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Singer, actor and civil rights activist Harry Belafonte, who broke racial barriers in the United States in the 1950s, died on April 25 at the age of 96 at his home in New York, his representative Ken Sunshine reported.

Born in the New York neighborhood of Harlem in 1927 with Jamaican descent, Belafonte rose to fame in 1956 with the successful album of Caribbean music ‘Calypso’which popularized songs like ‘Day-O’ and ‘Jamaica Farewell.’

He also had some forays into the world of cinema, with films like ‘Carmen Jones’, at a time when racial segregation was still entrenched in the United States and African-Americans had minority roles on the big screen.

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As a result of his great popularity and ability to break racial barriers in the artistic world, Belafonte’s career has been compared to that of artists of the stature of Louis Armstrong, Ella Fitzgerald or his contemporary Sidney Poitier.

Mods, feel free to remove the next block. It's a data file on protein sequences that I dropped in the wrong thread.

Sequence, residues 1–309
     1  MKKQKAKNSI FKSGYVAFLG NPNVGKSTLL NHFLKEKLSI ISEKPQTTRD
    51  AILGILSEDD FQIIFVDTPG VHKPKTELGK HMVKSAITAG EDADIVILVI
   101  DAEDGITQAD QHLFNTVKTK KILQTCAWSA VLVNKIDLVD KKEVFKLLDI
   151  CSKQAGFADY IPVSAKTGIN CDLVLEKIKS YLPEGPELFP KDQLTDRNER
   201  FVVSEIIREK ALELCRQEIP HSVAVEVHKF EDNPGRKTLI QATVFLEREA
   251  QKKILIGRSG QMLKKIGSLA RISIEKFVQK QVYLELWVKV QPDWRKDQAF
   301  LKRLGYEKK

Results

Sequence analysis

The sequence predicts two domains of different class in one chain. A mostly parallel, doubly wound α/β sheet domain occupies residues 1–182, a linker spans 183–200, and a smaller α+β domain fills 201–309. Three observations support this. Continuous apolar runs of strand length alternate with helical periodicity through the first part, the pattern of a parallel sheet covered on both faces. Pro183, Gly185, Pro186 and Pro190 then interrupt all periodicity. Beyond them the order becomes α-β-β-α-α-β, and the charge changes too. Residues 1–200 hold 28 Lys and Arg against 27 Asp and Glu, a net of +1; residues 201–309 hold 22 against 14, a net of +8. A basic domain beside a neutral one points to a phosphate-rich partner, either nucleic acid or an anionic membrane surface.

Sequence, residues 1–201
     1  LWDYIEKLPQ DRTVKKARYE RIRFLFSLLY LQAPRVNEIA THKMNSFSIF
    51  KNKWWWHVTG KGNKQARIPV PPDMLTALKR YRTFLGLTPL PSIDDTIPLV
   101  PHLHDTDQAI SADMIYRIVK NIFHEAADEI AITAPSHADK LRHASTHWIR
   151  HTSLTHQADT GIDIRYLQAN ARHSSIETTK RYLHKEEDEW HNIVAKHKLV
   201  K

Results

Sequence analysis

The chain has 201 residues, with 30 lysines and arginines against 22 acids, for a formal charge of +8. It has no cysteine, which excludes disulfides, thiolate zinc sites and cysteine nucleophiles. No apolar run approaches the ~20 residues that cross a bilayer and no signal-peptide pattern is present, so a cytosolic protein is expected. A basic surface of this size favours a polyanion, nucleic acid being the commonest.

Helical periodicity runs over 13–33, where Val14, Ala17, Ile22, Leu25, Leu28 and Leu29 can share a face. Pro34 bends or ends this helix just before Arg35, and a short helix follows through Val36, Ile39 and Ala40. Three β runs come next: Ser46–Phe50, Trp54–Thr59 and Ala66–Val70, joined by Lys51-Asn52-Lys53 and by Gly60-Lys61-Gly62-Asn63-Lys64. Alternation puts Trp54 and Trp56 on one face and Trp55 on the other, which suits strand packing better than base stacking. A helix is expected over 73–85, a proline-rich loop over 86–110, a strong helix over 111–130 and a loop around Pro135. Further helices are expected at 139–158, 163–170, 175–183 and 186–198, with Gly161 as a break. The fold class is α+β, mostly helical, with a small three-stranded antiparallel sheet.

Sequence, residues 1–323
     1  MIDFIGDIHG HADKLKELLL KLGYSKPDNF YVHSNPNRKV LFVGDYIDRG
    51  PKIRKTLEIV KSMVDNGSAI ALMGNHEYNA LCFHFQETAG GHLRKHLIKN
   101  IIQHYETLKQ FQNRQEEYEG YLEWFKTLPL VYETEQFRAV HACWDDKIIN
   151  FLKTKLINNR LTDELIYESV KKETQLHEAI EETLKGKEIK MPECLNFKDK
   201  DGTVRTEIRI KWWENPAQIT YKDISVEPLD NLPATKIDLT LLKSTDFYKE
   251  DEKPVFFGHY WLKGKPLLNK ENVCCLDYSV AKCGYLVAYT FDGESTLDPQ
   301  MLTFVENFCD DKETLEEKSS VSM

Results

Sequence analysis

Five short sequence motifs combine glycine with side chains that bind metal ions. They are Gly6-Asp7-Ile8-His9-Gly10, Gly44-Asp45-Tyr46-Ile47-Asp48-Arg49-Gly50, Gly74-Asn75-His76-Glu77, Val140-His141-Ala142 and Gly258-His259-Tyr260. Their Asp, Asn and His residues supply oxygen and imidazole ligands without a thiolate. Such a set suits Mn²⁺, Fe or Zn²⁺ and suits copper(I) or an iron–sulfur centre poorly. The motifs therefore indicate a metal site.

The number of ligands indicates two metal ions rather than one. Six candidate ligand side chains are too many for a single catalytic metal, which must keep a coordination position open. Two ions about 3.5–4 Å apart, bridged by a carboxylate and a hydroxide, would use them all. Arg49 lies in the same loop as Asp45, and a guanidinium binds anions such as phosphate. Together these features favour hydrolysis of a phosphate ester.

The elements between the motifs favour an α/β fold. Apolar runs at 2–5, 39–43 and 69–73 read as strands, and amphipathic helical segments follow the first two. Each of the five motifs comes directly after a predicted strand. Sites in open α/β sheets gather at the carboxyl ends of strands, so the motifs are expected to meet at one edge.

In 1968, the British singer Petula Clark, who was then at the height of her popularity, invited Belafonte to a special program on NBC television and the two sang a duet during which Clark affectionately touched the hand of her colleague.

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The sponsor of that show, the company Plymouth Motors, tried to censor that moment because it could offend the audience in the southern United States, but Clark, who had the rights to the program, refused to do so. It is believed that this was the first time that two people of different skin colors made discreet physical contact in front of the cameras..

Belafonte, who was personally involved in and financed the civil rights movement, was a personal friend of the Reverend Martin Luther King, and participated in the historic 1963 March on Washington, the one with the famous ‘I have a dream’ speech.

He also gained support for the cause of famous Hollywood stars such as Paul Newman and Marlon Brando, and was appointed by United States President John F. Kennedy (1961-1963) as cultural adviser to the newly created Peace Corps.

He was always involved in politics in one way or another and came to describe US President George W. Bush (2001-2009) as “the greatest of terrorists” for the 2003 invasion of Iraq.

EFE

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